“Walter” full-length video is now on YouTube

Artword Theatre has completed editing the full-length performance video of “Walter” recorded on March 12, 2020, starring Sean Emberley as Walter. The YouTube premiere release was Thursday July 30, 2020 at 7:30 pm. The video is now available to watch any time. Runs 70 minutes.
Watch the Walter video on Artword Theatre YouTube channel
Some advance comments for the video: “Wonderful.” “Moving.” “Incredible actor.” “So powerful.” “Absolutely wonderful!” “A powerful film.”

Reviews of the stage performance March 2020:

#1 Review Mar 11, 2020 by Jeff Mahoney, The Hamilton Spectator 
Walter is a moving look at schizophrenia. … Sean Emberley, in the title role, is engrossing, so completely does he inhabit this complex, confusing but ultimately compelling character. You feel not so much that you’re seeing him onstage but passing him on the street. Emberley’s remarkable achievement is that he lifts our engagement with Walter beyond the stare of curiosity, albeit sympathetic, into a trance in which we begin to identify with the struggle of his being. It’s partly the play of his eyes and the mobile features of his face and his movements across the stage, by turns agitated and sedate. It’s also his voice, wounded but also strangely hypnotic. And aside from his own, there are the voices “in his head,” as the expression goes, which we get to hear along with him, thanks to the soundscape by Dave Gould. …
…We get a vivid sense of the immense difficulties of Walter’s life but also of his humanity and his uneasy truce with life, ….  The play is informed by playwright Dawson’s 50 years in psychiatry, treating schizophrenia. And the words are lit with both knowledge and compassion, which comes through as Walter soliloquizes himself over the barriers we put up against the ‘different.’ This very powerful production is directed by Ronald Weihs.”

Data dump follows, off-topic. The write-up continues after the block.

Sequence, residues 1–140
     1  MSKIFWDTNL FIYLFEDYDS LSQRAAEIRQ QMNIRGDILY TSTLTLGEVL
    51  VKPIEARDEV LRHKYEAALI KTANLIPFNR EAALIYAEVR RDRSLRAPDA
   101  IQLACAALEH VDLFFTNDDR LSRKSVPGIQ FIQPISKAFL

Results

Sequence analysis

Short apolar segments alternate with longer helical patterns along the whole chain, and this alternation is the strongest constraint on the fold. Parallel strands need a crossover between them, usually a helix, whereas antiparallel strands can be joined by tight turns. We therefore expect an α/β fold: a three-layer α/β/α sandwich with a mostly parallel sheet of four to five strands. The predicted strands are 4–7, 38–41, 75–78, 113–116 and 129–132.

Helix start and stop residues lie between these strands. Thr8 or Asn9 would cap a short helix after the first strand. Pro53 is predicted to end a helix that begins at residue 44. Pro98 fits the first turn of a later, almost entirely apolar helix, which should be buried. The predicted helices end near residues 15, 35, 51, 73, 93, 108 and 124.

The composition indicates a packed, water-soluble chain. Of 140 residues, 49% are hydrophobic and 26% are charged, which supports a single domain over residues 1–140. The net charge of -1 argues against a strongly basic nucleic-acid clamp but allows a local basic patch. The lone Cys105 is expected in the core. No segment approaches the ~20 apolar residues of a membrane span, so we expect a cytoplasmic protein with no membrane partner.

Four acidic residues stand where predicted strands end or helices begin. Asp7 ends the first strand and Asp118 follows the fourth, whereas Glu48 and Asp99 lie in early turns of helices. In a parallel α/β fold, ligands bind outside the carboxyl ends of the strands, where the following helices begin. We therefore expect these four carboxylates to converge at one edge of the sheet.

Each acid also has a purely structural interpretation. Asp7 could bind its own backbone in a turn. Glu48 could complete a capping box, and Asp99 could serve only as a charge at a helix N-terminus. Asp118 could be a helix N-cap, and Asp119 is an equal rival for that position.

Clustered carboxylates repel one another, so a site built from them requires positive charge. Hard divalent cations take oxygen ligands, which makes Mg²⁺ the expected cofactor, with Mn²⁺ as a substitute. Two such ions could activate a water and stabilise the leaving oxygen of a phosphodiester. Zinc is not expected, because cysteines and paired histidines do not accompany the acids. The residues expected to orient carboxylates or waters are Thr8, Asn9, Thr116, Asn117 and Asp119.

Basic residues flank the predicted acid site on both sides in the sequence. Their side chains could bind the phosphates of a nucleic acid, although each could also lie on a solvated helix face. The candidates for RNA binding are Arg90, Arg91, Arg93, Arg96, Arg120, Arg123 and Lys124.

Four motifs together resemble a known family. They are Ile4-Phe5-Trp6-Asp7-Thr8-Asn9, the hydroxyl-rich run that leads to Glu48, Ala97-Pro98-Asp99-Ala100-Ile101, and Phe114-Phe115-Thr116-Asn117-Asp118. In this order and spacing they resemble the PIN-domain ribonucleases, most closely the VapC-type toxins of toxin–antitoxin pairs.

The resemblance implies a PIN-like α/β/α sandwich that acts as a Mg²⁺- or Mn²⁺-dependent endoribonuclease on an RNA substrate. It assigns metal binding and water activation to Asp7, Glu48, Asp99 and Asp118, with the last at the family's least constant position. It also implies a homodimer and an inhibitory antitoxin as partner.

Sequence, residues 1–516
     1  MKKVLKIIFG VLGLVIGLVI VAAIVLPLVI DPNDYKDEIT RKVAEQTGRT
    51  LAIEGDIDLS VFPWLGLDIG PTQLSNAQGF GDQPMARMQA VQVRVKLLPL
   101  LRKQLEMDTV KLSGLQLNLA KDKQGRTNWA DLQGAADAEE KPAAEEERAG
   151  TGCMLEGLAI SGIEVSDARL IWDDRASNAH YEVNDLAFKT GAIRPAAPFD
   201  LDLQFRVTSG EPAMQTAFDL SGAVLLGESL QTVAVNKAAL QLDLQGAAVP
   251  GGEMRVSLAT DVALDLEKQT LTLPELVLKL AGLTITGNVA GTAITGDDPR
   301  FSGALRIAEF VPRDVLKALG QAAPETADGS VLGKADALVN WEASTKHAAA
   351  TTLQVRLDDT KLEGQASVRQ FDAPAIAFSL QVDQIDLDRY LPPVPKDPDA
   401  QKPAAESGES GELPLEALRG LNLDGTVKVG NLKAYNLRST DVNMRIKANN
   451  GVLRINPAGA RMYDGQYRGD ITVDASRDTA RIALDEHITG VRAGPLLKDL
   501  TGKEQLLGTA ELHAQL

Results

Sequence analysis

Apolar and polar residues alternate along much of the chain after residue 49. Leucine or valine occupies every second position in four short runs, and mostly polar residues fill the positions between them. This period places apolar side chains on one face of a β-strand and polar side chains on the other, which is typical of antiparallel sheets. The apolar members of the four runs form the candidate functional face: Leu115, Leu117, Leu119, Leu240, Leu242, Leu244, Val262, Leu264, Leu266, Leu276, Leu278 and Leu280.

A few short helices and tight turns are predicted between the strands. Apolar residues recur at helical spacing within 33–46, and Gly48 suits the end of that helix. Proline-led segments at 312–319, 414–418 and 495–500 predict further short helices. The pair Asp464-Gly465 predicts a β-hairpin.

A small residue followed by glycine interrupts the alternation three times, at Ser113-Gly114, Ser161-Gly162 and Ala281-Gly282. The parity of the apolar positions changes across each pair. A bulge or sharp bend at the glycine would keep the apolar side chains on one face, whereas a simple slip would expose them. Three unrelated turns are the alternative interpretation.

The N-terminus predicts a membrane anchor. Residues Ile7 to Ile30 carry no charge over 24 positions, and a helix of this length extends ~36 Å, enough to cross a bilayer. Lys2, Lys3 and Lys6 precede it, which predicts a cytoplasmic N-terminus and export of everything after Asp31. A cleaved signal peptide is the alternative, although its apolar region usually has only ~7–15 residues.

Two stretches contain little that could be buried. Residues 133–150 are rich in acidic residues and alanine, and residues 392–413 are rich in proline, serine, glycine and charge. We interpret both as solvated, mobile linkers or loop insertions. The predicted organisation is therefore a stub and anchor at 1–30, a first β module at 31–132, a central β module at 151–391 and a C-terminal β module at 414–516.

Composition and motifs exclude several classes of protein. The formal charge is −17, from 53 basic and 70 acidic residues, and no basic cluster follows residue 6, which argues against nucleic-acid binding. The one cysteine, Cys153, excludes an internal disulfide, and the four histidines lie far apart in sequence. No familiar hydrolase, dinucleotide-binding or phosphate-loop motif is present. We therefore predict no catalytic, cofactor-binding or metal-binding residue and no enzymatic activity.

#2 Review March 12, 2020 by Tamara Kamermans View Magazine

“… In the central role, [Sean Emberley] is captivating as he embodies the many ages of Walter. As a young man, we see his angst and then terror upon realizing is trajectory into the mental health system, then, as he ages, his new struggles with the system and the balance of medication. Emberley never once over sentimentalizes; instead, he allows the emotional reaction to resonate with the audience member. He simply tells the story as a grippingly real person. He leaves the richness and the ironies to his audience to ruminate. …
His performance is like a poem. It’s presented with simplicity but has as many meanings as there are seats in the audience. He’s like the face of everyman with a mental illness. … It’s impossible not be emotionally touched by his presentation and each and every audience member will be remembering their own Walter as the stage lights go down.”